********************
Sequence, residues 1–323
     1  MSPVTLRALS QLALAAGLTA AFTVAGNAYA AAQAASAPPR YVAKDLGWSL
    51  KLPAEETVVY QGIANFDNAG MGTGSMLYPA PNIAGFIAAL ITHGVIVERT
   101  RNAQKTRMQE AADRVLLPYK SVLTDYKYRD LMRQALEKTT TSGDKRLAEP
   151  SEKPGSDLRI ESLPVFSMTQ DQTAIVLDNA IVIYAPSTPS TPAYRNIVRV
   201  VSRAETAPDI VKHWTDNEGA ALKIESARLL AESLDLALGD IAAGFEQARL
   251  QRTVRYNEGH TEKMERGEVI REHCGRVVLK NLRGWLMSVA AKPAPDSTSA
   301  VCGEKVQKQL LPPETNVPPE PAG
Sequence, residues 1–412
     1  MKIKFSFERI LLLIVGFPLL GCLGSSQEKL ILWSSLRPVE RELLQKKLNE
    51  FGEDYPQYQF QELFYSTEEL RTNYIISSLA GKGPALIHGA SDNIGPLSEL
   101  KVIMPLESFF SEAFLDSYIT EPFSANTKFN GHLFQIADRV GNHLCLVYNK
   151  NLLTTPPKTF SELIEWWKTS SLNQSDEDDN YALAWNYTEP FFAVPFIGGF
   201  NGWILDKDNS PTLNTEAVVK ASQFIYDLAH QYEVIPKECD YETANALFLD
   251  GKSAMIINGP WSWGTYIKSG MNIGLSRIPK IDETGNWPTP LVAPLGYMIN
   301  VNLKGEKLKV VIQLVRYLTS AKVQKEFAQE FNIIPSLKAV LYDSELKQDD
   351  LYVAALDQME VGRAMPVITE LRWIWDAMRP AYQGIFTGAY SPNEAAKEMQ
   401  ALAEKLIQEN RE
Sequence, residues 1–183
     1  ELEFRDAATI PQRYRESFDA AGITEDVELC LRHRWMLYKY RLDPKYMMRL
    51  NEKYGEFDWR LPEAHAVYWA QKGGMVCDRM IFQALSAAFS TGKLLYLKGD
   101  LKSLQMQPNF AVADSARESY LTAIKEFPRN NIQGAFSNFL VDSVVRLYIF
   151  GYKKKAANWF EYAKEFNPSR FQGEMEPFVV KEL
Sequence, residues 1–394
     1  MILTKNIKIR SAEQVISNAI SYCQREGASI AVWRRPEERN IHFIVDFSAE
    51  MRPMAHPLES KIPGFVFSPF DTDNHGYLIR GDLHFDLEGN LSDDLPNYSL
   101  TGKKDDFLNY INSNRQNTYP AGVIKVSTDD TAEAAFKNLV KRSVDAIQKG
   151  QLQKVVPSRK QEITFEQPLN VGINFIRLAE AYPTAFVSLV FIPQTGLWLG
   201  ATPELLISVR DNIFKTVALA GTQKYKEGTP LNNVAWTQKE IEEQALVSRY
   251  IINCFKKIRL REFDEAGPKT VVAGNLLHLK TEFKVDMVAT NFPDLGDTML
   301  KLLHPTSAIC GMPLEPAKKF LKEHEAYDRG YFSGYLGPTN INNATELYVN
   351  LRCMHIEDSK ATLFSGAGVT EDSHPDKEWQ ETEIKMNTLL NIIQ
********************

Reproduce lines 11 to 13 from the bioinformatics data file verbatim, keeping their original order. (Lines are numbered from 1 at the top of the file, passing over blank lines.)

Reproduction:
    51  FGEDYPQYQF QELFYSTEEL RTNYIISSLA GKGPALIHGA SDNIGPLSEL
   101  KVIMPLESFF SEAFLDSYIT EPFSANTKFN GHLFQIADRV GNHLCLVYNK
   151  NLLTTPPKTF SELIEWWKTS SLNQSDEDDN YALAWNYTEP FFAVPFIGGF